Lao PDR: Development of Microfinance

Lao PDR: Development of Microfinance

FIRST has funded three technical assistance projects (aggregate cost US$ 534,000) in cooperation with the Asian Development Bank (ADB) in Lao PDR (Lao). All three projects were related to improving access to finance for the poor, and were an excellent example of how projects can build on each other at the same time as mitigating the risk of failure by only moving to the next stage if satisfactory progress had already been achieved in the prior stage. The three projects were:

  • To survey the needs of the poor and the financial institutions serving those needs – essentially various forms of microfinance organizations;
  • Based on the survey, and with Government acceptance of the results, to develop a strategy for increasing access to finance for the poor; and,
  • Building on the strategy, to strengthen the capacity of the Bank of Lao (BOL) to regulate and supervise the microfinance sector.

Throughout these three projects, FIRST employed the same consulting firm – Enterplan – and they in turn cooperated closely with the ADB team and divided technical assistance inputs between them.

The Government of the Lao and ADB prepared a full Country Strategy Program (CSP) (2002-2004) in September 2001.  The CSP provided the ADB with guidance on its operations in the Lao PDR for the next five years.  The core strategies for reducing poverty were sustainable economic growth, inclusive social development, and good governance.  The strategy focused on various operational priorities including rural development and market linkages, and private sector development.

An ADB-assisted workshop to discuss obstacles to private sector development was held in March 2002 with government officials, the private sector, and development partners.  The workshop recommended, amongst other things, improving access to finance.


The survey was national in scope and attempted to measure supply of, and demand for, financial services in various areas of the country (including rural and peri-urban areas, outlying areas and those near market centres); and it also aimed to assess the profile of a typical client of various institutions to measure the degree to which the poor and non-poor have access to the different institutions (both informal and formal) and the terms of those services. The ADB and FIRST collaborated effectively throughout the project. The ADB officer contributed directly by providing analysis and comments for the final report.

For the survey, a stratified random sample of 1,189 households was selected. The household survey collected information on household demographics, economic activities, assets, liabilities, and attitudes to financial services. Analysis was carried out on the sample as a whole, as well as by stratum and by wealth quartile using appropriate statistical techniques.

For the rural financial services survey, separate questionnaires were designed for (i) banks; (ii) multilateral and bilateral development agencies, INGO, and MFI projects; and (iii) informal moneylenders. The questionnaires collected information on outreach of the institution; lending activities and loan portfolios; and savings services.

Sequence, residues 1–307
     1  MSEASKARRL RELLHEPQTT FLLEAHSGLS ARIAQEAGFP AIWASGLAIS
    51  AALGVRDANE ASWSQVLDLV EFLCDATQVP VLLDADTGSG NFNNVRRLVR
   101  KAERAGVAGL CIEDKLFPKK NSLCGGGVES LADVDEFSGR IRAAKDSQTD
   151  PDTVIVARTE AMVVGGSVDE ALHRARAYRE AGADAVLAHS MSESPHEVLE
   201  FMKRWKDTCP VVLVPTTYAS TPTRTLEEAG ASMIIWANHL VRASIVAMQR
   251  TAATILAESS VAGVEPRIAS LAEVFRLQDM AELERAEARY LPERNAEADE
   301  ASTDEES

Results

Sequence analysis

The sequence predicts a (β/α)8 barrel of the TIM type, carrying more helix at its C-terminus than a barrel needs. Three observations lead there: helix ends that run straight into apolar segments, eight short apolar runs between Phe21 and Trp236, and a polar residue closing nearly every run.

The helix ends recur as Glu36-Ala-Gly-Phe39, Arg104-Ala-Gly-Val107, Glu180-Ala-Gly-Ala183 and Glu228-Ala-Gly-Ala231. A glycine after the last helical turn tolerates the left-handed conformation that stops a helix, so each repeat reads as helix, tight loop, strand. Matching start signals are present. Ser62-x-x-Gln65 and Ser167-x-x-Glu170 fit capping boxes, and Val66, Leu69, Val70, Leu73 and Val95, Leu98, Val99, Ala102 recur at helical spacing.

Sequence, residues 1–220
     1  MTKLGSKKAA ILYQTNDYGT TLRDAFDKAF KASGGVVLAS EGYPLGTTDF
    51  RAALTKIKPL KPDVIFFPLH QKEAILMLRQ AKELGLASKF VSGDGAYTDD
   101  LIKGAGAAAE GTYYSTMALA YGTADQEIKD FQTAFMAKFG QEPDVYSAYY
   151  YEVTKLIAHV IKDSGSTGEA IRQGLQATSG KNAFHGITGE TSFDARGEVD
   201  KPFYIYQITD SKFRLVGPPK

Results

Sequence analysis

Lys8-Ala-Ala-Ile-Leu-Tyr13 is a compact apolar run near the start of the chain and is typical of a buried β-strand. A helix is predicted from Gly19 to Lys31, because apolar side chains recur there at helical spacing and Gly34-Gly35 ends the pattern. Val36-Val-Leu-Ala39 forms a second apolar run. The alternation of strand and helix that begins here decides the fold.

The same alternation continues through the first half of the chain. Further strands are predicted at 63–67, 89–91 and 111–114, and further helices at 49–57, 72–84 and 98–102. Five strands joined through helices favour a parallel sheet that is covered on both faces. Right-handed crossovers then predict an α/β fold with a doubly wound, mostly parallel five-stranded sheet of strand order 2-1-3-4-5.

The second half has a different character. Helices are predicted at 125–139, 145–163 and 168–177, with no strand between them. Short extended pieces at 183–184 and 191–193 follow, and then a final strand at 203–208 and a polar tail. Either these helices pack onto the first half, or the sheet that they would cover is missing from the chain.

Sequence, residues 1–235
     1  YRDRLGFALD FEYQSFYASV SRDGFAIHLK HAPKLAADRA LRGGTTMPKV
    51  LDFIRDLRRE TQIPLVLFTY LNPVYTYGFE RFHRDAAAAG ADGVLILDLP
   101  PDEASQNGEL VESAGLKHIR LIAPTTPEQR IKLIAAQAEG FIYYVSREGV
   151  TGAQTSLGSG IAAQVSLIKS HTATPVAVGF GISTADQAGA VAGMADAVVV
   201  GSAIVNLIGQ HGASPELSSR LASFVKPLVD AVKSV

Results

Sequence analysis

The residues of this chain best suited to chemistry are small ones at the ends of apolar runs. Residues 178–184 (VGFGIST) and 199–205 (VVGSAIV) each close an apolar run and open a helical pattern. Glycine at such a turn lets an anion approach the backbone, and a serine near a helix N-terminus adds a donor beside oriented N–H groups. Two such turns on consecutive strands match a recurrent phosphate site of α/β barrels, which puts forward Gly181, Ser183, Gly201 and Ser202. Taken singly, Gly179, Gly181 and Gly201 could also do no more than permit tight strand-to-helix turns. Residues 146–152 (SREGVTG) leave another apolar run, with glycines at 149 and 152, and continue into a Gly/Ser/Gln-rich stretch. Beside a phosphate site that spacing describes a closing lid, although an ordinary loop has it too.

Overall, only 38% of reported income of rural households came from agriculture, livestock, or fishing. Over half of reported income came from business activities. Only the rural Mekong households reported more than half of their income from agriculture, livestock, and fishing. Among wealth quartiles, the poorest derived only 35% of their income from agriculture, livestock, and fishing, and the richest derived 37%. The results highlight the importance of non-agricultural income in rural Lao PDR. The survey concluded that there was a huge unsatisfied demand for loans by rural households, covering a wide range of production opportunities and non-production needs.

The survey revealed some important trends in rural and microfinance in Lao:

  •  There has been a rapid increase in funding for microfinance activities in the five years to the end of 2003, with the amount of funding doubling each year on average. However, overall, such funding remains low, at less than $1 million cumulatively over five years. Funding of capacity-building has also grown, but remains low, at less that $100,000 cumulatively over five years.
  •  The vast majority of lending (76%) was provided to households in the wealthiest quartile. Households in the other rural stratum account for the vast majority of loans by number – 60% of all loans (and 44% of loan volume), almost certainly the result of the lack of outreach by more formal and semi-formal institutions in the remote ‘Other Rural’ areas, and therefore the need to rely on informal inter-household loans.
  • In rural areas of Lao PDR, savings are mostly in-kind. Non-cash savings account for 73.3% of total savings in rural areas. Non-cash savings exceed cash savings for each wealth quartile, and for three of four rural strata (the exception being peri-urban households). Livestock is the most common means of non-cash savings in Lao rural households, used by 98.2% of those households.


This project sought to develop a strategy and regulatory framework that would facilitate the development of a rural financial system to increase access to financial services and significantly expand income-generating opportunities, generate employment, and reduce poverty from current levels.